You are 34 Weeks and 4 Days 38 days to go…

Inside the uterus your baby is already practicing the suckling reflex, which will enable him to feed when he’s born.

Your baby today

This 2D ultrasound has captured the moment that the baby is sucking his thumb. Your baby is gradually learning to coordinate this complex activity with breathing movements even though surrounded not by air but by the amniotic fluid.

The suckling reflex is present earlier in pregnancy but it is known from assessing premature babies that it’s usually not until around this time that the baby is strong and coordinated enough to suckle with ease. Your baby regularly practices suckling and this, in combination with the rooting reflex, will enable your baby to feed.

After birth you will see the rooting reflex as your baby turns toward anything that strokes his cheek. The head will turn, and your baby will move his mouth in a series of gradually diminishing circles until the object is found. Once feeding is well established, at about four months, the rooting reflex disappears. From this point on, your baby has much more control over the process, able to turn and directly latch on to the nipple.

While in the uterus, there is no chance of your baby accidentally swallowing amniotic fluid into the lungs. The lungs are already filled with fluid and the high pressure of this, together with your baby’s larynx, keeps out amniotic fluid. After birth, babies have a series of reflexes designed to keep breathing and drinking separate. To help with feeding, babies always breathe through their nose.

… Doctor
Q: My mom has offered to stay with us after the birth. Is this a good idea?
A: Some couples prefer to get to know their baby on their own, taking the first few days to settle in and get used to the idea of being new parents. It’s also good to try to do things your own way when it comes to caring for your newborn. Having said that, you’ll find an extra pair of hands invaluable.

It really depends on your relationship with your mom: if it’s good and you feel she’ll be supportive, then it’s more likely to help than hinder. However, gently establish some guidelines—namely that while you welcome her help, you’d like to do things your way and have space to bond with your baby. Encourage your mom toward helping around the house, rather than just with the baby, not least so that your partner doesn’t feel excluded at this important time.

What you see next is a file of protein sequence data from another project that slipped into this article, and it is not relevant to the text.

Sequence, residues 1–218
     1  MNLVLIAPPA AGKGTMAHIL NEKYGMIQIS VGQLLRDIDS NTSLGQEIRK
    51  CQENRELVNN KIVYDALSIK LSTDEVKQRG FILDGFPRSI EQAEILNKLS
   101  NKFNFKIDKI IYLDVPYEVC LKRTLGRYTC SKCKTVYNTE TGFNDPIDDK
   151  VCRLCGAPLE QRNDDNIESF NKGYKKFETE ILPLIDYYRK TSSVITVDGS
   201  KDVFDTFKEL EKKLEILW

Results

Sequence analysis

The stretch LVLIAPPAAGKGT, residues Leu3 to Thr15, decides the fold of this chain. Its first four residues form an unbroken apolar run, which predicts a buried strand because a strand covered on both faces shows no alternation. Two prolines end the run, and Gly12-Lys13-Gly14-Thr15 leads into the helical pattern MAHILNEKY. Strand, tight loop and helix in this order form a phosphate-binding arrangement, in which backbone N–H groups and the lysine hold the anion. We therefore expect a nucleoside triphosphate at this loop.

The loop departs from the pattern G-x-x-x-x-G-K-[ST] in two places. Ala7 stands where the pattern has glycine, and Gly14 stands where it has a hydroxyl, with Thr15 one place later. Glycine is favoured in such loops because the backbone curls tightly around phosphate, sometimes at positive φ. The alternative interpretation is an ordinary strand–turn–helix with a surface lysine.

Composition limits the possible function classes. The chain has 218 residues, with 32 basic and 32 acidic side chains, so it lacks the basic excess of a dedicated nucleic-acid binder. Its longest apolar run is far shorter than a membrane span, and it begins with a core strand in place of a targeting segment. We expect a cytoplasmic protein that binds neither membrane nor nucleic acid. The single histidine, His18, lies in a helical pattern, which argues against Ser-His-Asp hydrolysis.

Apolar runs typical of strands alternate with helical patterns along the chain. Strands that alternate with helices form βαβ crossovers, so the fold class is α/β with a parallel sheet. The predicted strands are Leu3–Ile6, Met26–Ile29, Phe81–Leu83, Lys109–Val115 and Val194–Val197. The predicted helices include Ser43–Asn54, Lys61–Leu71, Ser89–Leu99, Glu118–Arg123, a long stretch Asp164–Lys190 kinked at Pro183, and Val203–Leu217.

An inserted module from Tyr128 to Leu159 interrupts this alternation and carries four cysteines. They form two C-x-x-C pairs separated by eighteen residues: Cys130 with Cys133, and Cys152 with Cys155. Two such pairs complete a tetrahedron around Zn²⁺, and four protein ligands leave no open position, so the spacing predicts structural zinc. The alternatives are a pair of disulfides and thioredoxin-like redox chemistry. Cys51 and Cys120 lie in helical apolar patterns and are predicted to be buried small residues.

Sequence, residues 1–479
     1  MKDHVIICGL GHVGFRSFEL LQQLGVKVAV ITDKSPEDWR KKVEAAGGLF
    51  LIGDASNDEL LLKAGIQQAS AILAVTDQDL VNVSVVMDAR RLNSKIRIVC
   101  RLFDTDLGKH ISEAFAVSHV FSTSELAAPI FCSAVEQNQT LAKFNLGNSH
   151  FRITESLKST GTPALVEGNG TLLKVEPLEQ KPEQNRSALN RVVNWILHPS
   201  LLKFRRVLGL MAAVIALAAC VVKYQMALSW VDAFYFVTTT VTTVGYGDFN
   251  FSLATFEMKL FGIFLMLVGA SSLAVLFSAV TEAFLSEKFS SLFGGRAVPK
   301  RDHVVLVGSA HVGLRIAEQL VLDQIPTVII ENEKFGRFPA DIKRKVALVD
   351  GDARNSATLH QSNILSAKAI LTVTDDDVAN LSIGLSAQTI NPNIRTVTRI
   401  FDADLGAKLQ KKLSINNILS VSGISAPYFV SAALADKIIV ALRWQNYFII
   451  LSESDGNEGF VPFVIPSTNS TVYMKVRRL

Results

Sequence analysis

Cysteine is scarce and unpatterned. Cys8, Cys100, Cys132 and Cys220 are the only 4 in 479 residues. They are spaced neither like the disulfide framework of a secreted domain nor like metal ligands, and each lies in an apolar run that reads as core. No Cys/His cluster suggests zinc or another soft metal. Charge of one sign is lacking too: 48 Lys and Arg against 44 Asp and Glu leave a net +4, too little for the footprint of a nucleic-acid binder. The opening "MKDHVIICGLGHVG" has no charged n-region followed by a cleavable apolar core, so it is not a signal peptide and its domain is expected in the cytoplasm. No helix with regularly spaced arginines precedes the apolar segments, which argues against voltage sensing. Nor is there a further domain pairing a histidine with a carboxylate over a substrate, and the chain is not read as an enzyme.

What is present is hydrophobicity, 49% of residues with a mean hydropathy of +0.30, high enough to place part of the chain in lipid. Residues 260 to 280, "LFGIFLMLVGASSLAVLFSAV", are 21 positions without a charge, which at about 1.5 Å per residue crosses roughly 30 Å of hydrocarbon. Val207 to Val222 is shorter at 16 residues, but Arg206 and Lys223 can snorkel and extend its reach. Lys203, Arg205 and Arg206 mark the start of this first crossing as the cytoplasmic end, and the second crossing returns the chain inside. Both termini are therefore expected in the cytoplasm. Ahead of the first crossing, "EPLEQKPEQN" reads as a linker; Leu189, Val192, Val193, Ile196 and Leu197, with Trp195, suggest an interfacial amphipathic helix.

Are you ready for the baby?

You may find that you soon become too tired to shop. Try to buy items gradually, but there are certain things that it’s worthwhile purchasing by around 37 weeks, just in case you go into labor. First, buy those small baby-care items you’ll need right after the birth (see Buying for your baby) plus a car seat and a Moses basket or crib. You won’t need a carriage immediately after the birth.

If going out shopping becomes difficult in late pregnancy, consider buying some items online.

By this stage of pregnancy you may not feel up to spending hours shopping for equipment and clothes for the baby. You can save a lot of time by getting catalogues from the major stores and making some preliminary decisions from the comfort of your armchair.

You are 34 Weeks and 5 Days 37 days to go…

You’ll probably find yourself analyzing every ache and pain in these final weeks of your pregnancy.

Your baby today

This is an MRI image showing a cross section of the entire pregnancy. The mother’s spine is on the left of the image, and the baby is lying head down within the pelvis. An MRI is rarely needed during pregnancy, but if recommended, it is entirely safe.

By this stage of pregnancy every time you get a twinge you may worry that it’s the onset of labor. This is a normal concern, but try to remember that, even though you’re heavily pregnant, most aches and pains are still likely to be due to constipation, or stretching ligaments, rather than labor.

You may begin to have Braxton Hicks’ contractions; these practice contractions occur as the uterus tightens as a warm up for labor. They also help direct more blood to the placenta in the final weeks of pregnancy. Some women are unaware of them, while for others they can be quite uncomfortable. Relaxing the uterine muscles by changing your position, walking around, or taking a warm bath can help.

If you’re unsure whether the pains you’re having are Braxton Hicks’, always consult your doctor.

… Mom
Q: What will I need if I’m planning to breast-feed?
A: I found all the following items really useful when I was breast-feeding my baby:
  • Nursing bras that can be unclipped at the front (see image) or have zip-open cups. Get properly fitted (bearing in mind that your breasts will be bigger once your milk comes in). You’ll need at least two nursing bras and, thankfully, it’s possible to get some attractive styles.